Google’s race for relevance: How does it affect content marketers?

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It has become a natural routine for people to google on questions and information. Just by typing a few words, Google could deliver search results by matching webpages that have keywords similar to what I typed. However, we still have to go through the search results to find the most relevant information. Lately, Google has updated its search algorithm again. The new Hummingbird algorithm was launched in late September and it provides search results that relates to the contextual meaning of the typed words and phrases. Originally, people would see googling as a question and answer sort of search but this update has made the search more human sensitive and more similar to a conversation.

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What this means is that if I search for “USC football coach”, it would pop up a full complete profile of the current USC Football team coach, Ed Orgeron. Originally, the old search might only link you to USC football related webpages with the search words but now the semantic search will give you a overall profile of the person and may even list contacts or Linkedin pages of the relevant person.

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Another example is that if I type “the symptoms of asthma,” Google would have indexed an answer from nih.gov and displayed the answer directly in the search results.

Obviously, this is a great improvement but how will it affect content marketers?

Our content might be filtered out easily. First, there are author rankings, if you have no reputation online, you’re simply a nobody or anonymous online, your content will not appear on the top results. Other than that, if your content has not been optimized properly with meta tags, Google will also filter out your results. Even if you have completed meta tags and descriptions, if you use the same topics for all your contents, it will be defined as less influential and eventually filtered out in the Google search too.

Thus, in order to successfully market your content, if is important to first publish on sites with reputation and authority as well as to have proper and distinctive meta tags and topics.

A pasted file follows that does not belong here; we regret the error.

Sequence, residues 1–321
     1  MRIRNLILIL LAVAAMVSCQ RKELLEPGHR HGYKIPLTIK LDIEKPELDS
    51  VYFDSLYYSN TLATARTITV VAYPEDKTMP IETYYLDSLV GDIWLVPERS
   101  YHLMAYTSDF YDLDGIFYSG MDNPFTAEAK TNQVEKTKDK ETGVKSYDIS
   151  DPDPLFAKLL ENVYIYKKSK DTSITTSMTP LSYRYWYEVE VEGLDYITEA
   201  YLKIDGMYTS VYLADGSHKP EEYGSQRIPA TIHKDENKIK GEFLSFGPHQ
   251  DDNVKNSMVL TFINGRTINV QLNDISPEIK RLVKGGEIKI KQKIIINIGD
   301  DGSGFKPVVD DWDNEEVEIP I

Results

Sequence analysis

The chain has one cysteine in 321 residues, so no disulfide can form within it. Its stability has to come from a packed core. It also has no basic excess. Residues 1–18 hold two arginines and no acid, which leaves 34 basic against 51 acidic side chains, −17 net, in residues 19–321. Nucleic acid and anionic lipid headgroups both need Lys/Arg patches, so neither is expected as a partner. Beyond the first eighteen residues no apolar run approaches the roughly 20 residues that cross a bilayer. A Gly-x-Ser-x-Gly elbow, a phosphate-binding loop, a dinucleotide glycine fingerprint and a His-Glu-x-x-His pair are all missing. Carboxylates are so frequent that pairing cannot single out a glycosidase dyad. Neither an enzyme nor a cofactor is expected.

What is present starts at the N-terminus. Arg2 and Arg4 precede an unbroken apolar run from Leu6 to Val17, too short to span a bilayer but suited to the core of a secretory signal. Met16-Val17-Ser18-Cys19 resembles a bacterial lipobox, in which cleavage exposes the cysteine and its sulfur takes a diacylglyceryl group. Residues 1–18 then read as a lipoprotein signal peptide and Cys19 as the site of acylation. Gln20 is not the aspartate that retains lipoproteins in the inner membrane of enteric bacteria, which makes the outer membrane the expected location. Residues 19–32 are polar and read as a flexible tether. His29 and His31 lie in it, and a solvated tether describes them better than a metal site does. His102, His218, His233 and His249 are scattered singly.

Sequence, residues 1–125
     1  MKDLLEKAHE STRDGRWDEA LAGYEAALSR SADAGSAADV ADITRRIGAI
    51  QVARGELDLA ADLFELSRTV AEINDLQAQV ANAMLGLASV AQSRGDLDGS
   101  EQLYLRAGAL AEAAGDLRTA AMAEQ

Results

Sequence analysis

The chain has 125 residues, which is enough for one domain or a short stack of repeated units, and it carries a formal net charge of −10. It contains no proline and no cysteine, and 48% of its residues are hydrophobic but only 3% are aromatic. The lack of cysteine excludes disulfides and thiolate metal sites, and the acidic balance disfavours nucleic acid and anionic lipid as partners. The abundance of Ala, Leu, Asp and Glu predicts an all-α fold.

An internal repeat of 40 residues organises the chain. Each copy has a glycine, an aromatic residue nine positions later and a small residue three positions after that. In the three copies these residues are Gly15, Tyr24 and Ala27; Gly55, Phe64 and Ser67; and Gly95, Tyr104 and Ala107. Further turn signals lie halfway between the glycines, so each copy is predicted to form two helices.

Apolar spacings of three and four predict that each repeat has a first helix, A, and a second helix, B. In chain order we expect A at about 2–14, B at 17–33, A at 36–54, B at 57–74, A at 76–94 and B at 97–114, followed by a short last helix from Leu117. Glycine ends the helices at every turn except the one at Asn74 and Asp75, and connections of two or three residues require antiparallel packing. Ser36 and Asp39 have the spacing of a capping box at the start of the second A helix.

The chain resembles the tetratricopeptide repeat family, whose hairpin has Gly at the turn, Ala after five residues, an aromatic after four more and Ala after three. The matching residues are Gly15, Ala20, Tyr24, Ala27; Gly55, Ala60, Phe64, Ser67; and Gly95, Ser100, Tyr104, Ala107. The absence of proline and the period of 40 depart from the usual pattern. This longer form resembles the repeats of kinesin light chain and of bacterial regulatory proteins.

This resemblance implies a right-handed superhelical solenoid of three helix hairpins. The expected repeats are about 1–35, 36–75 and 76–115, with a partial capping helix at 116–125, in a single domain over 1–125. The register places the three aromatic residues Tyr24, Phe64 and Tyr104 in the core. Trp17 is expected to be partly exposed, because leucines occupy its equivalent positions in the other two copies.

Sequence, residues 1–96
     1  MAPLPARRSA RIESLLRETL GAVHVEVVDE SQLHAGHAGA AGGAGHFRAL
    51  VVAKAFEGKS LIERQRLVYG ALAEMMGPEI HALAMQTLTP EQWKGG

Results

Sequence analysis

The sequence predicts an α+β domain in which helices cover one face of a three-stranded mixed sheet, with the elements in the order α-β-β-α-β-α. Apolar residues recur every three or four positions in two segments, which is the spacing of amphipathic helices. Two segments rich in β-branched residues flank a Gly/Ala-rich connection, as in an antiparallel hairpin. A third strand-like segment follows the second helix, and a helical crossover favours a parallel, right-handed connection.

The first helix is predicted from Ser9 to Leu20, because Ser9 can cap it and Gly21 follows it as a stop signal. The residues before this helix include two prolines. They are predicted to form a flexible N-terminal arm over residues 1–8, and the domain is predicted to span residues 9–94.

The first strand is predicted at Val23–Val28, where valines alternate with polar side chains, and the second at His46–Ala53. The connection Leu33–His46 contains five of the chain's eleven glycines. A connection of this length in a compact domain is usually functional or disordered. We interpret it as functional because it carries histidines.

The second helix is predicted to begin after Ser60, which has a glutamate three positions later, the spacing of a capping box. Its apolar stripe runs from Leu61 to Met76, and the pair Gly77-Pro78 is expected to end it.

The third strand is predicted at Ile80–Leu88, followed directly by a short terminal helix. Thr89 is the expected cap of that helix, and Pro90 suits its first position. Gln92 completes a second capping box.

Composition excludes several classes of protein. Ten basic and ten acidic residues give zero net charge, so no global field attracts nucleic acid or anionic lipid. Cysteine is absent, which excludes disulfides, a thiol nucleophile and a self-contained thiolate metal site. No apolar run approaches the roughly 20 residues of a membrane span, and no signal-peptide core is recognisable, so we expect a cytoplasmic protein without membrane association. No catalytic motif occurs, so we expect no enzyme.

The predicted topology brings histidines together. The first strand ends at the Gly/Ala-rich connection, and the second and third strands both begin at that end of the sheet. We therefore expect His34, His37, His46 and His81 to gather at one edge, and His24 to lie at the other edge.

Sources:

http://www.marketingprofs.com/articles/2013/11833/should-you-be-worried-about-googles-hummingbird-update
http://www.marketingprofs.com/articles/2013/11834/what-google-hummingbird-means-for-content-marketing

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2 Responses to Google’s race for relevance: How does it affect content marketers?

  1. shashali says:

    It is quite interesting that the improvement of a search engine actually can cause “trouble” to marketers. But I think Google can figure these all out. As the leader in the market, it applied the “pay-per-gaze” eye tracking system in developing the ad placing strategies. Technology is always the leader in a revolution. Marketing strategies should definitely follow up. And the first one that catches the trend will win the market.

  2. wanyang says:

    Thank for bring this interesting topic to the discussion. Recently, I read a book”the filter bubble” and one of the chapters introduces the Google’s search algorithm. The author illustrates that personalization is the solution for the information overload in the future data market. Google is internet giant standing on the cutting edge and constantly creating a better search service that tailor to different users preferences and needs. It means that even we type in the same phrase in the search box, we may get different results depending on our online information databases, such as ethnicity, location, interests.
    I tried to google the same term”USC football coach”.To my surprise, I did not get the profile of the current coach team but any related webpage with keywords. Although I still cannot figure out the reason, I am sure that Google’s content filter system become much complicated with the personalization feature. It is a really challenge for the search engine optimization.